'The biggest lie I tell myself is "I don't need to write that down; I'll remember it."'
When I'm in the middle of producing a print and repeating a process time and time again, it seems impossible that I won't always know how to do it. Sometimes I make a few notes on scraps of paper (which then get lost) but more often I don't. And then the same thing always happens - I go back a week or a month later to complete some more in the edition and I can't even remember how I got that ink colour, let alone how I got that texture effect or that blend of tones. I am an idiot.
In 2016 I am resolved to end this idiocy and start keeping a print recipe book. I'm going to use this sketch book from Paperchase. It fits the bill perfectly: it's attractive enough to be an incentive but not so lovely I dare not write in it. (I once gave away a beautiful hand made book because it had sat on my shelf unused for three years; it was so special I couldn't bring myself to make a mark in it).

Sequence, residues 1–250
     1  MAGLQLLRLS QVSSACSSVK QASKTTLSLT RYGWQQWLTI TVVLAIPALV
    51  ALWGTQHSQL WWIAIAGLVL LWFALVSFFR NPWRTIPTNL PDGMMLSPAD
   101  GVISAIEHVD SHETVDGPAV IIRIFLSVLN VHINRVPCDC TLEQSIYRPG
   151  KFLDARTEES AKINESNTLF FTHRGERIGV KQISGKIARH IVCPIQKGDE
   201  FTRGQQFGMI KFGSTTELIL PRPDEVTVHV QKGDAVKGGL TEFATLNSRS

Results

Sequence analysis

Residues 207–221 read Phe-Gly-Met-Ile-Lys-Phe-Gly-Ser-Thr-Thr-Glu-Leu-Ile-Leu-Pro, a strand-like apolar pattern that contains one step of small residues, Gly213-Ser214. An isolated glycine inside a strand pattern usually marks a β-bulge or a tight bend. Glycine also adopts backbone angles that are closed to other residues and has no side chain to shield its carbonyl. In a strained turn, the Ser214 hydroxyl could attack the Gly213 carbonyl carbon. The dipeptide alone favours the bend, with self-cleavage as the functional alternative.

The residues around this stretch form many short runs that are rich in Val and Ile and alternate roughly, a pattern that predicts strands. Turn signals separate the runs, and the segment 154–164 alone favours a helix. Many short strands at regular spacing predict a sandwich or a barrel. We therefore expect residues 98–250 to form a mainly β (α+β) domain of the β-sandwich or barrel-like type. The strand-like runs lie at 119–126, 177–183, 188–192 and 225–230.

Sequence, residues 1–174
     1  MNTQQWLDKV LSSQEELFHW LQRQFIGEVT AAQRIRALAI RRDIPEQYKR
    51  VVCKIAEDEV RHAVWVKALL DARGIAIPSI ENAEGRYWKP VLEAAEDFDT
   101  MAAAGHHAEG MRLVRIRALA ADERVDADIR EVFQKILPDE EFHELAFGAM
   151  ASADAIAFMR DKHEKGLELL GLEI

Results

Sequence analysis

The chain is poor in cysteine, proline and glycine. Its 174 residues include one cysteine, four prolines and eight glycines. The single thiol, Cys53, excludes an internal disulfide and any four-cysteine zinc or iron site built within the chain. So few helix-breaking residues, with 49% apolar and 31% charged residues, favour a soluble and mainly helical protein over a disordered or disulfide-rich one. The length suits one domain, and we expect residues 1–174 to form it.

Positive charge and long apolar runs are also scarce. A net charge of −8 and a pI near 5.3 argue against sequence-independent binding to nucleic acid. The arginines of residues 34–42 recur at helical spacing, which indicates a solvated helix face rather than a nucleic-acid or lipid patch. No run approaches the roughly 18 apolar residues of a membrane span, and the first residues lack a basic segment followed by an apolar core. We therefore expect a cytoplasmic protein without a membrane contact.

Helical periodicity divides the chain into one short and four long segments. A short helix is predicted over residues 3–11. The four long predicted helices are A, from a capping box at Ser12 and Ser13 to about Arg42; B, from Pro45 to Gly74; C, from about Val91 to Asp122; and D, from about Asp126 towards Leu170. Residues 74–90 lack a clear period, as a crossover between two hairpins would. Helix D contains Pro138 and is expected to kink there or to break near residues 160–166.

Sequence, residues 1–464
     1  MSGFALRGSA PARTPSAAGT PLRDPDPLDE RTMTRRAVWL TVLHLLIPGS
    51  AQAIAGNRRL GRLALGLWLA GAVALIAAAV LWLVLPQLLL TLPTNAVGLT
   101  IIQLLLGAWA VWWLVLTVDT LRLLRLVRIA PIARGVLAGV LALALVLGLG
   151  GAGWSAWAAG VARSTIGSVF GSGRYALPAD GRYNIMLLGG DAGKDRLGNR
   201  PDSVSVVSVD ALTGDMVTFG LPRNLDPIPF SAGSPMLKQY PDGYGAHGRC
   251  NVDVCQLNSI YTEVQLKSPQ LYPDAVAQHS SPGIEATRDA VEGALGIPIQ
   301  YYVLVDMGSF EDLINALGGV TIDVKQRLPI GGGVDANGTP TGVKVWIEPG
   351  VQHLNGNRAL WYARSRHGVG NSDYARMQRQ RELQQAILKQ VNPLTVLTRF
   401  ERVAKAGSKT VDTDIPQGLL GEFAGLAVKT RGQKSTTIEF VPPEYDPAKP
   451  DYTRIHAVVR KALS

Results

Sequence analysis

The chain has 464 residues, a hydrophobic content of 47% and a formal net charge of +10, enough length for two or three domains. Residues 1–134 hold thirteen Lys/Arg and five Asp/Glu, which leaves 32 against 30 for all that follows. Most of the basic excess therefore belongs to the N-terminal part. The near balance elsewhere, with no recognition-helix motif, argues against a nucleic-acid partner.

The first recipe I've written up is for this little 'Robin' drypoint etching that I made for Christmas 2015. It's an edition of 50 and I still have just a few more to make, plus I want to be able to use it for a demo piece during York Open Studios in April. It's going to be really helpful to be reminded of how to do it when the time comes (and I just hope future me is suitably grateful).
|'Robin' drypoint etching 6 x 6 cm|